LGBT advocates warn that FBI hate crime stats may be skewed by underreporting

Joseph McCormick December 18, 2017
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Critics have suggested that hate crime numbers published by the FBI last month could have been skewed by underreporting of crimes.

An annual report from the FBI last month showed the numbers of hate crimes against minorities across the US.

But critics of the report have suggested that the figures are skewed as law enforcment agencies voluntarily report hate crime figures to the FBI.

(Photo by Christopher Furlong/Getty Images)

Groups called for hate crime reporting to become mandatory.

“FBI hate crime data represents the tip of the iceberg and understates the magnitude of hate crime in America,” said Sim J. Singh, national advocacy manager of The Sikh Coalition, a nonprofit.

“The only way to bridge the data gap is for law enforcement agencies to adopt mandatory hate crime reporting.”

In a news release the FBI said that out of 15,254 law enforcment agencies, only 1,776 of them reported one or more incidents, representing 12 percent.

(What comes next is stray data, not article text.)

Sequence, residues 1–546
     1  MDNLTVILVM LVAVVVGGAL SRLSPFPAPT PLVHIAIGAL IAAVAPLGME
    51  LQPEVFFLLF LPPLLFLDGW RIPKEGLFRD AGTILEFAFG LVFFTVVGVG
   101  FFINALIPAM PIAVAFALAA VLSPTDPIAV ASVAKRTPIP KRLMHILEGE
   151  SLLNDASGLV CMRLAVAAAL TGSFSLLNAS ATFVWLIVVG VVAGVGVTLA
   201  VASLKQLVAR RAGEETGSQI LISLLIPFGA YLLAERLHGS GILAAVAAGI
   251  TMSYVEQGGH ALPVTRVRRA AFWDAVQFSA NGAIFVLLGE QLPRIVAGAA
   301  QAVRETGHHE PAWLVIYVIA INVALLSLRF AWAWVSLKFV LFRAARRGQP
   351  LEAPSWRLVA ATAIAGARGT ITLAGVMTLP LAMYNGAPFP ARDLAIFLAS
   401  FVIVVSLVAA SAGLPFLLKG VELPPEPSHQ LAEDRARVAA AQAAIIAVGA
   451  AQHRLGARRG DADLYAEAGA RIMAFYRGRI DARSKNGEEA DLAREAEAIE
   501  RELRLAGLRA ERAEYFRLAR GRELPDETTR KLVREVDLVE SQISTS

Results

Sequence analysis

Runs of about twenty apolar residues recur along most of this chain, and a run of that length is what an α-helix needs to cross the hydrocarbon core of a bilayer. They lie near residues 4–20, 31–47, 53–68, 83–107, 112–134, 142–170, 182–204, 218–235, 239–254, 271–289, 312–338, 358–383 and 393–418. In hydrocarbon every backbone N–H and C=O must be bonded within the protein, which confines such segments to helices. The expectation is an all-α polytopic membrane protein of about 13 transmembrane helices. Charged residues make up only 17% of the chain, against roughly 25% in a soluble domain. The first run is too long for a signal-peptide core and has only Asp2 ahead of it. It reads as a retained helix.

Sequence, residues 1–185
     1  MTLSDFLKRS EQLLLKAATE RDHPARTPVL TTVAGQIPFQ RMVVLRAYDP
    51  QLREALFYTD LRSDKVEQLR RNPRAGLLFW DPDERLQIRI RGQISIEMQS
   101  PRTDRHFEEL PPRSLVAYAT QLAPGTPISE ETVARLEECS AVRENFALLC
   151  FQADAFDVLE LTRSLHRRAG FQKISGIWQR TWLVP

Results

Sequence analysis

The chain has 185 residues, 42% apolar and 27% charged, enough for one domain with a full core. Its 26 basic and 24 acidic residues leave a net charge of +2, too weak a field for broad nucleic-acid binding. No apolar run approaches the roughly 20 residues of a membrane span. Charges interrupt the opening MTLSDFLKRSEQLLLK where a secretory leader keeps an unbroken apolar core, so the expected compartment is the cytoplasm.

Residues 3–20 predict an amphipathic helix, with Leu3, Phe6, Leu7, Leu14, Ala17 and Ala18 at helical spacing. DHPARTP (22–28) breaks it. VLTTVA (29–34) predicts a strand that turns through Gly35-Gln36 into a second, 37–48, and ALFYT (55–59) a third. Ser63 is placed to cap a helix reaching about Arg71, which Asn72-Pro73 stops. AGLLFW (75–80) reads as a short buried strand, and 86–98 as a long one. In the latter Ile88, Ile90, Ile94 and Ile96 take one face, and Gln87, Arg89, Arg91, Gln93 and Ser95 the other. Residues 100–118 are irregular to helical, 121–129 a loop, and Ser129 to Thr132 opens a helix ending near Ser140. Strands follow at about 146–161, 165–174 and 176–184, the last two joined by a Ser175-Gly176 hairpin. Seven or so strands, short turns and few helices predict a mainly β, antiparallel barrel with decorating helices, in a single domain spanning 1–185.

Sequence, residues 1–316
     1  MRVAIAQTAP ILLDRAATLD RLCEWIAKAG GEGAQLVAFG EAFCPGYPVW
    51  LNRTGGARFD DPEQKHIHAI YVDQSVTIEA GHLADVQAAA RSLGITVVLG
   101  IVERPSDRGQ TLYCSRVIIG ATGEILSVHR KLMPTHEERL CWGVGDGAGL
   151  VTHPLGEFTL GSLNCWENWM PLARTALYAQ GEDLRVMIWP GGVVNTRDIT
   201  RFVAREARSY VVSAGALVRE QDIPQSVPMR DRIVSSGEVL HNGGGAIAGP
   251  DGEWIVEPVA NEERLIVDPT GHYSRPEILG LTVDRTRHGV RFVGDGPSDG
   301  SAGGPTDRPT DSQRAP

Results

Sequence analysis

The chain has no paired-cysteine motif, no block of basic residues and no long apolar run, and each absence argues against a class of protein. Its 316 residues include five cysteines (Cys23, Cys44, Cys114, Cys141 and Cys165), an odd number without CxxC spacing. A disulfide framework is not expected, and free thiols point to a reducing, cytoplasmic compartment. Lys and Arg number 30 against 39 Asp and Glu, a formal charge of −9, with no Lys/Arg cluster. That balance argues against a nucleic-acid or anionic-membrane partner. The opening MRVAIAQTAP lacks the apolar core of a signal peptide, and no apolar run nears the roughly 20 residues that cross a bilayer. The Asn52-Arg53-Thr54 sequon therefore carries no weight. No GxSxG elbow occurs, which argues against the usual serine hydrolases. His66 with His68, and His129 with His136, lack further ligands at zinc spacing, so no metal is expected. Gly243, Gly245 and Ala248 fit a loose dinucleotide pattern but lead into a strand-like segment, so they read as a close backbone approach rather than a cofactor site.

All other agencies reported zero hate crimes occurring within their jurisdictions.

“We know there are multiple jurisdictions year-in and year-out that don’t report or report zero hate crimes to the FBI,” Marita Etcubanez, director of strategic initiatives for Asian Americans Advancing Justice-AAJC, said.

The FBI has since said it does not comment on or provide analysis of statistics in the hate crime report.

(Photo by Leon Neal/Getty Images)

There was roughly a 5 percent increase in hate crime incidents for 2016 compared to the year before.

This lines up with a Bureau of Justice Statistics survey from June which found that between 2004 and 2015, each year in average, there were around 250,000 hate crime victimisations.

54 percent of hate crime victimisations were not reported to police, the survey found, and that many were handled separately.

More: FBI, Hate crime, US

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